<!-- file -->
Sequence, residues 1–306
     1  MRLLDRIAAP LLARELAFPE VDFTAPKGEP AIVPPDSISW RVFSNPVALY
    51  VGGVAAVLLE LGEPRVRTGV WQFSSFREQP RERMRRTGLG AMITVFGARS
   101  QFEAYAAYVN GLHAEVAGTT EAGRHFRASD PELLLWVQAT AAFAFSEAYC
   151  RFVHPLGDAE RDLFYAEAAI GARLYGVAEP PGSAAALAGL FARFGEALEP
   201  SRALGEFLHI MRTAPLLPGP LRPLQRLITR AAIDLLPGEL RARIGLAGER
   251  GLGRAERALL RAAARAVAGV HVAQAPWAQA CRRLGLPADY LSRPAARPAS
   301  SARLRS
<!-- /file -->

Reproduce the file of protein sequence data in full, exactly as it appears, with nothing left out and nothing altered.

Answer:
Sequence, residues 1–306
     1  MRLLDRIAAP LLARELAFPE VDFTAPKGEP AIVPPDSISW RVFSNPVALY
    51  VGGVAAVLLE LGEPRVRTGV WQFSSFREQP RERMRRTGLG AMITVFGARS
   101  QFEAYAAYVN GLHAEVAGTT EAGRHFRASD PELLLWVQAT AAFAFSEAYC
   151  RFVHPLGDAE RDLFYAEAAI GARLYGVAEP PGSAAALAGL FARFGEALEP
   201  SRALGEFLHI MRTAPLLPGP LRPLQRLITR AAIDLLPGEL RARIGLAGER
   251  GLGRAERALL RAAARAVAGV HVAQAPWAQA CRRLGLPADY LSRPAARPAS
   301  SARLRS